Europium metal reacts with all the halogens:
This route gives white europium(III) fluoride (EuF3), yellow europium(III) chloride (EuCl3), gray europium(III) bromide (EuBr3), and colorless europium(III) iodide (EuI3). Europium also forms the corresponding dihalides: yellow-green europium(II) fluoride (EuF2), colorless europium(II) chloride (EuCl2), colorless europium(II) bromide (EuBr2), and green europium(II) iodide (EuI2).
Europium forms stable compounds with all of the chalcogens, but the heavier chalcogens (S, Se, and Te) stabilize the lower oxidation state. Three oxides are known: europium(II) oxide (EuO), europium(III) oxide (Eu2O3), and the mixed-valence oxide Eu3O4, consisting of both Eu(II) and Eu(III). Otherwise, the main chalcogenides are europium(II) sulfide (EuS), europium(II) selenide (EuSe) and europium(II) telluride (EuTe): all three of these are black solids. EuS is prepared by sulfiding the oxide at temperatures sufficiently high to decompose the Eu2O3:
The main nitride is europium(III) nitride (EuN).
Although europium is present in most of the minerals containing the other rare elements, due to the difficulties in separating the elements it was not until the late 1800s that the element was isolated. William Crookes observed the phosphorescent spectra of the rare elements including those eventually assigned to europium.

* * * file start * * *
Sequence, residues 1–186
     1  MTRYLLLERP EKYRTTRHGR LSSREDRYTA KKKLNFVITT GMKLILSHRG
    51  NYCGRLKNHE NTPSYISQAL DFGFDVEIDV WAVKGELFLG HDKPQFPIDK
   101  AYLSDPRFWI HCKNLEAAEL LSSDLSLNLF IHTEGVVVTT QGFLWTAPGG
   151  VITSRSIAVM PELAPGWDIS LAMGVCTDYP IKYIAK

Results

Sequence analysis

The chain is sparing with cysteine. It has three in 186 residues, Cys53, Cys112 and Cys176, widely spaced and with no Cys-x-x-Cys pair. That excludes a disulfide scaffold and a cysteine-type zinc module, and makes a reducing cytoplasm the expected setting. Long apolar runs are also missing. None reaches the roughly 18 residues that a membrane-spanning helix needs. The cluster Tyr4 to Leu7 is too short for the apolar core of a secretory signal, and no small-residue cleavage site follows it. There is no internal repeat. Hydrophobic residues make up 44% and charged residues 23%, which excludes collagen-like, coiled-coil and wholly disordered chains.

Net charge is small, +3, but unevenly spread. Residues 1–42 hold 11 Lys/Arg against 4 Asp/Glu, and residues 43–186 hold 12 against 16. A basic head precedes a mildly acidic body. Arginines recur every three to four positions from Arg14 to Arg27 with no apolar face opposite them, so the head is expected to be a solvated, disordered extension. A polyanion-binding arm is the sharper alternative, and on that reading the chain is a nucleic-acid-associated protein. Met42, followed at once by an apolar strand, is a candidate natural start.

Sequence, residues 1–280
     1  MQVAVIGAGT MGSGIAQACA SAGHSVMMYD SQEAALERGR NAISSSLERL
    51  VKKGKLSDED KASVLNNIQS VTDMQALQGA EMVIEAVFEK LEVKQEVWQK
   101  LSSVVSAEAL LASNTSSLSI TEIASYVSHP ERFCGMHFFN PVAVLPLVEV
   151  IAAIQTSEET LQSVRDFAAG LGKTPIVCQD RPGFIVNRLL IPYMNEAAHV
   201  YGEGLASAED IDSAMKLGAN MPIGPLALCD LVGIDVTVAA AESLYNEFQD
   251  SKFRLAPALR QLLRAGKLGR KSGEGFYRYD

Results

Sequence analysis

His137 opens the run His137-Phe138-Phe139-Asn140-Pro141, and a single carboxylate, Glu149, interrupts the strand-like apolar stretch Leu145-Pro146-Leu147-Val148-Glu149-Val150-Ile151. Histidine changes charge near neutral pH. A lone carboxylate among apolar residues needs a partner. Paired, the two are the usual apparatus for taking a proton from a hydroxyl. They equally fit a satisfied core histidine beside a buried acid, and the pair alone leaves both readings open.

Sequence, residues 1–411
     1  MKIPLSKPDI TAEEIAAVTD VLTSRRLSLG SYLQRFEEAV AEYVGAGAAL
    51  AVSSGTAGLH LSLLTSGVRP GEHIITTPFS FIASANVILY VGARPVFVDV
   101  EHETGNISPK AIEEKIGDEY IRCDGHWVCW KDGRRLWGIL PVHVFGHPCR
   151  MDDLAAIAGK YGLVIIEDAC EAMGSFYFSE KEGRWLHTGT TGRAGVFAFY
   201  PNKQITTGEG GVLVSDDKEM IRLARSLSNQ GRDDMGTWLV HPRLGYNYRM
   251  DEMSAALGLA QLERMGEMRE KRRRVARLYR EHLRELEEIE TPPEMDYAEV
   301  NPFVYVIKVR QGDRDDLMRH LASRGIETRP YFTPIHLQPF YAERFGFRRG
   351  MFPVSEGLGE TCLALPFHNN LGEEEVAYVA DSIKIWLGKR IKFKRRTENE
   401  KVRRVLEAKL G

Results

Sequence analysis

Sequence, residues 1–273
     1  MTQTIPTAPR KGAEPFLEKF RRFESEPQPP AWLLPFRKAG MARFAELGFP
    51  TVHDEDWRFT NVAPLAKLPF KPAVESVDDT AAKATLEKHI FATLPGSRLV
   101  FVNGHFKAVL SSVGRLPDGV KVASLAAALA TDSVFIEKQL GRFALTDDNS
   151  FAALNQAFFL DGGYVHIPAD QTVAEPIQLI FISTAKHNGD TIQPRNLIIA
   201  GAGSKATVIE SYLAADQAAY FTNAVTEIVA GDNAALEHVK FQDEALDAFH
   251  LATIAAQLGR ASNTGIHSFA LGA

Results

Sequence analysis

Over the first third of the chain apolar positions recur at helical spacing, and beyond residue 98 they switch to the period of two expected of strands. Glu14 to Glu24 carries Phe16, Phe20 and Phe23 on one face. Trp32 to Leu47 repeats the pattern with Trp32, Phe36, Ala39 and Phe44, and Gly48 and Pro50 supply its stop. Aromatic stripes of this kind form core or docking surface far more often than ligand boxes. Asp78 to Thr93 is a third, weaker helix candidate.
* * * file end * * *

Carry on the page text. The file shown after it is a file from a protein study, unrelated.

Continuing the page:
Europium was first found in 1892 by Paul Émile Lecoq de Boisbaudran, who obtained basic fractions from samarium-gadolinium concentrates which had spectral lines not accounted for by samarium or gadolinium. However, the discovery of europium is generally credited to French chemist Eugène-Anatole Demarçay, who suspected samples of the recently discovered element samarium were contaminated with an unknown element in 1896 and who was able to isolate it in 1901; he then named it europium.
When the europium-doped yttrium orthovanadate red phosphor was discovered in the early 1960s, and understood to be about to cause a revolution in the color television industry, there was a scramble for the limited supply of europium on hand among the monazite processors, as the typical europium content in monazite is about 0.05%. However, the Molycorp bastnäsite deposit at the Mountain Pass rare earth mine, California, whose lanthanides had an unusually high europium content of 0.1%, was about to come on-line and provide sufficient europium to sustain the industry. Prior to europium, the color-TV red phosphor was very weak, and the other phosphor colors had to be muted, to maintain color balance. With the brilliant red europium phosphor, it was no longer necessary to mute the other colors, and a much brighter color TV picture was the result. Europium has continued to be in use in the TV industry ever since as well as in computer monitors. Californian bastnäsite now faces stiff competition from Bayan Obo, China, with an even "richer" europium content of 0.2%.